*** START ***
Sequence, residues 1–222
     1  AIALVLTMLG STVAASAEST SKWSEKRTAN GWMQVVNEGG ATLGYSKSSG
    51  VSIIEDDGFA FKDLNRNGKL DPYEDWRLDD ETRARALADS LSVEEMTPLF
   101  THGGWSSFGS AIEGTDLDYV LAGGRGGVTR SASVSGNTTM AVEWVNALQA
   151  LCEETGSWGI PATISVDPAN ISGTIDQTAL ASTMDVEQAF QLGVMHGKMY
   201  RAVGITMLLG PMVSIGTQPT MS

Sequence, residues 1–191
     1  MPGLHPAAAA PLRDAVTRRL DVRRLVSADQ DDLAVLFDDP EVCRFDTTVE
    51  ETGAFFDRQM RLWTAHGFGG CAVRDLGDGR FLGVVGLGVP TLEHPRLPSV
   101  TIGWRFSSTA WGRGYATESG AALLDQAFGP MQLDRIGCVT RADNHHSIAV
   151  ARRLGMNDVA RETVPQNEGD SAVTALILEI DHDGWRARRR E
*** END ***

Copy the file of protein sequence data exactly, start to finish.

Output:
Sequence, residues 1–222
     1  AIALVLTMLG STVAASAEST SKWSEKRTAN GWMQVVNEGG ATLGYSKSSG
    51  VSIIEDDGFA FKDLNRNGKL DPYEDWRLDD ETRARALADS LSVEEMTPLF
   101  THGGWSSFGS AIEGTDLDYV LAGGRGGVTR SASVSGNTTM AVEWVNALQA
   151  LCEETGSWGI PATISVDPAN ISGTIDQTAL ASTMDVEQAF QLGVMHGKMY
   201  RAVGITMLLG PMVSIGTQPT MS

Sequence, residues 1–191
     1  MPGLHPAAAA PLRDAVTRRL DVRRLVSADQ DDLAVLFDDP EVCRFDTTVE
    51  ETGAFFDRQM RLWTAHGFGG CAVRDLGDGR FLGVVGLGVP TLEHPRLPSV
   101  TIGWRFSSTA WGRGYATESG AALLDQAFGP MQLDRIGCVT RADNHHSIAV
   151  ARRLGMNDVA RETVPQNEGD SAVTALILEI DHDGWRARRR E